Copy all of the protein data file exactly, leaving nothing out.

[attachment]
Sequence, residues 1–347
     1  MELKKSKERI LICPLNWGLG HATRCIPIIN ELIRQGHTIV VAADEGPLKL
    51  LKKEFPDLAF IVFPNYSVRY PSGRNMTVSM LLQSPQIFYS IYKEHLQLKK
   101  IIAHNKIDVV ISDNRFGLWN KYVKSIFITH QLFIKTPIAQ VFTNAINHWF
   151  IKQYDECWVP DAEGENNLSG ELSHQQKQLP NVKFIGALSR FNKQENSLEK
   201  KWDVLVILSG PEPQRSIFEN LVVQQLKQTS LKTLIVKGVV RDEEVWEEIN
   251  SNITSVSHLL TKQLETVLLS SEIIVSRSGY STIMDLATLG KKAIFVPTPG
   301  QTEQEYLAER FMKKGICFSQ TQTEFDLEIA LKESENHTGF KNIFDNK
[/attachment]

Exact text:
Sequence, residues 1–347
     1  MELKKSKERI LICPLNWGLG HATRCIPIIN ELIRQGHTIV VAADEGPLKL
    51  LKKEFPDLAF IVFPNYSVRY PSGRNMTVSM LLQSPQIFYS IYKEHLQLKK
   101  IIAHNKIDVV ISDNRFGLWN KYVKSIFITH QLFIKTPIAQ VFTNAINHWF
   151  IKQYDECWVP DAEGENNLSG ELSHQQKQLP NVKFIGALSR FNKQENSLEK
   201  KWDVLVILSG PEPQRSIFEN LVVQQLKQTS LKTLIVKGVV RDEEVWEEIN
   251  SNITSVSHLL TKQLETVLLS SEIIVSRSGY STIMDLATLG KKAIFVPTPG
   301  QTEQEYLAER FMKKGICFSQ TQTEFDLEIA LKESENHTGF KNIFDNK